Contributor PAUL WILSON experiences life ‘upstairs’ in Cahernane House…
Country House ambience, family-friendly service and the Ring of Kerry on your doorstep, for families looking to get away in Ireland Cahernane House is a proper treat. When it comes to family getaways with young children to Country Houses in Ireland, some of them won’t even let you in. A clear policy at a rather large and fancy establishment of some renown: children under nine are not accepted. Not so, Cahernane House.
It’s beautifully situated on a private estate, a boutique, four-star just a ‘flat-mile’ walk from Killarney centre. Find it at the end of a tree-lined laneway just off the main road, a quiet retreat surrounded by lowing cows, grazing sheep and deer, a crunch of gravel under foot and tyre. On arrival Mary, handed our daughter Nancy a fluffy toy duck, which we decided to call Herbert. It set the tone for two days of relaxation, fab food and friendly service. Killarney has welcomed tourists for hundreds of years and in the busy summer months, shamrocks and engraved crystal trinkets are in many shop windows. Which is fine. For the more discerning traveller, there’s Cahernane House. Small is beautiful. Lawns run out down a landscaped step, where a swing seat suspended from a tree the perfect vantage point to take in Killarney National Park. Whilst many other hotels have lake and mountain views, Cahernane is unique: morn, sparkling dew-soaked grass, running off to rising peaks.
Cahernane was once owned by the Herberts who came to settle in Killarney in the 17th Century. Peter Flanagan (independent.ie) summed the history up nicely: “The property has an interesting history to say the least. Formerly the residence of the Herbert Family the Earls of Pembroke, Cahernane House Hotel dates back to the 17th Century. Two Brothers, members of the Pembroke family, whose ancestors had fought on the York side during the War of the Roses, came to Killarney in 1656. One Brother was given the Muckross Estate and the other the Currens and Cahernane. Henry Herbert, like most other Irish landlords, was determined to maintain appearances and to do so kept carriages, horses, boats, boatmen, gardeners, gamekeepers and a great many servants. In 1877 he replaced the old family mansion, one of the few remaining Queen-Anne buildings in Ireland, and in its place he built Cahernane House Hotel.” The reception is delightfully eccentric with an eclectic mix of artwork, sculpture and ceramics.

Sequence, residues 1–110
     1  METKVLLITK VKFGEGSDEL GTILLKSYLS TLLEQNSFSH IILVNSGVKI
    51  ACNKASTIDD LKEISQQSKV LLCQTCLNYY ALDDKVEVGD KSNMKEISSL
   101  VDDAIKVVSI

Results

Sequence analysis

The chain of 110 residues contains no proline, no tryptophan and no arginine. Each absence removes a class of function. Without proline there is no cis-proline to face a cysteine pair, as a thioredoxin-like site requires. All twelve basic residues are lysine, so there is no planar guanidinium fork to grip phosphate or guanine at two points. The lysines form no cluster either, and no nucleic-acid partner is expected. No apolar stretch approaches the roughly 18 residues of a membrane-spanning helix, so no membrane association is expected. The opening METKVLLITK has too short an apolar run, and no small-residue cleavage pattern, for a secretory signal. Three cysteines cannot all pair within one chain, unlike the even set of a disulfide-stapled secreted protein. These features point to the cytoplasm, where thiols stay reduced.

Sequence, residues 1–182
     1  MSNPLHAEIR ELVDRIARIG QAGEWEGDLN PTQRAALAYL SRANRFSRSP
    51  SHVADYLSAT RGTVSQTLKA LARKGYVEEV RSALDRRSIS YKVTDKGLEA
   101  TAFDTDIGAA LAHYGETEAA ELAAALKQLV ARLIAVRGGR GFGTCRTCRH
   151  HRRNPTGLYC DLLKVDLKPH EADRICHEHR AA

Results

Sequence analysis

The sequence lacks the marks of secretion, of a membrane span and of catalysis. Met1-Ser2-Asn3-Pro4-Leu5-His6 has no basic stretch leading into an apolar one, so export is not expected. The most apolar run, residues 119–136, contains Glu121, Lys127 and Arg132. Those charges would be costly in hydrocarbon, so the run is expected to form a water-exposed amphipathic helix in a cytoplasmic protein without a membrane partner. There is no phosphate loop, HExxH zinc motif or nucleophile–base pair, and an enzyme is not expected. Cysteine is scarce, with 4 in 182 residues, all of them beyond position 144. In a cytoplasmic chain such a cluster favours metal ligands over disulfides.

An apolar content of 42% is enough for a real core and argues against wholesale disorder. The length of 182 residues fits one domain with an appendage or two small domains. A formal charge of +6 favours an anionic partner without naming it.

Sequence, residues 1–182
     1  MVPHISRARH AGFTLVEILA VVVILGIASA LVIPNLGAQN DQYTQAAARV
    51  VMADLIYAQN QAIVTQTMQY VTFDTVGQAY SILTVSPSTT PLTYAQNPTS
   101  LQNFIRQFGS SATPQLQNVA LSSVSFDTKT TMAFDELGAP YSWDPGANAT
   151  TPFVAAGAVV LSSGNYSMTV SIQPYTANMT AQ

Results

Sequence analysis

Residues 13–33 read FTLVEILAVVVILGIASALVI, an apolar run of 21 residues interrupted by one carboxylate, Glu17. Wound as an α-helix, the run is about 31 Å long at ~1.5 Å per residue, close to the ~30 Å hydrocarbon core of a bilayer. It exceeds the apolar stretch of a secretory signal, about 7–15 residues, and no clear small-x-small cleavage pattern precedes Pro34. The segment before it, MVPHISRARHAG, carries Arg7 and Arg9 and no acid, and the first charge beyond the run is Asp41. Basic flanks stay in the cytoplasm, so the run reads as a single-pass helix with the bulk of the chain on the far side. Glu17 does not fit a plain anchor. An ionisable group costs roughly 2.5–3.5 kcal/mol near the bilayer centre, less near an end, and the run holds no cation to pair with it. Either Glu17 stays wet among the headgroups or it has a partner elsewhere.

Wooden floors and high doors lead the way to softly-carpeted corridors and the well-appointed rooms are comfy, cosy and classy. The main staircase has all the hallmarks of Herbert’s eastern travels. Henry Arthur Herbert was married to the British Artist Mary Balfour, and one can only assume the light glancing of Killarney’s lakes and cloud-scudded shadows on mountainsides evoked the water colourists’ deepest sentiments. In 1767, Samuel Derrick described Killarney’s surrounding countryside as a ‘wild uncultivated country.’ Today, Cahernane mixes Anglo-Irish charm with the splendour of the natural landscape.
There are plenty of family activities at Cahernane. The staff are happy to organise in the immediate surrounds and beyond: Hide and Seek in Muckross Abbey; Murphy’s for ice-cream. A boat trip from Muckross to Dinis Cottage. Cycling in the Killarney National Park, walks up mountain or hill or by the fast-flowing waters of Torc Waterfall. There’s a painting in Powis Castle, ‘The Six Children of Charles John Herbert and Louisa Middleton’ circa 1828.
A smiling happy bunch in silk and suits, it seems fitting Cahernane is family-friendly. Killarney National Park is Ireland’s oldest National Park, the oak woods, part of the great forest that once covered the country in a serene mountain-ringed valley and a place with a wonderful aura. It’s a proper leitmotif: blue lakes and sandstone mountains; Kenmare to Killarney, through Moll’s Gap bathed in purple, the highest mountains themselves, ‘The Reeks District’. At Cahernane, there is both formal and casual dining.
We stayed two nights and on the first night had the full sit-down, four-course meal. Served between 6.30-9pm, it’s ‘an extensive artisan dinner menu with a distinctive Irish Feel.’ Eric Kavanagh is the head chef, and has worked internationally as well as locally. Lough Neagh Eel, Castletownbere Crab, Duck Breast and Halibut, were just some of the starter options, while mains ranged from Dry Aged Sirloin and Slow cooked Pork to Cod, Lobster Tail, Kerry Hill Lamb. Sausage, chips and tomato sauce too – of course! There’s a middle course, and dessert – Jasmine Rice Parfait, Dark Chocolate and Cherry Entremet and Iced Sesame Seed and Oak Milk Mousse, to name but a few.
Friendly, chatty staff takes the edge off what is often the stuffiness of white linen service. Downstairs, the Cellar Bar is warm and atmospheric and has a comprehensive range of spirits. Upstairs there’s a little conservatory, with green palms and soft sofas. The highlight, an after-dinner drink in the drawing room with live piano and dusk settling over fields and mountains. Fluffy ducks and little kids go to sleep, deer migrate to the closer fields, a sense of peace descends. Check out cahernane.com for more details.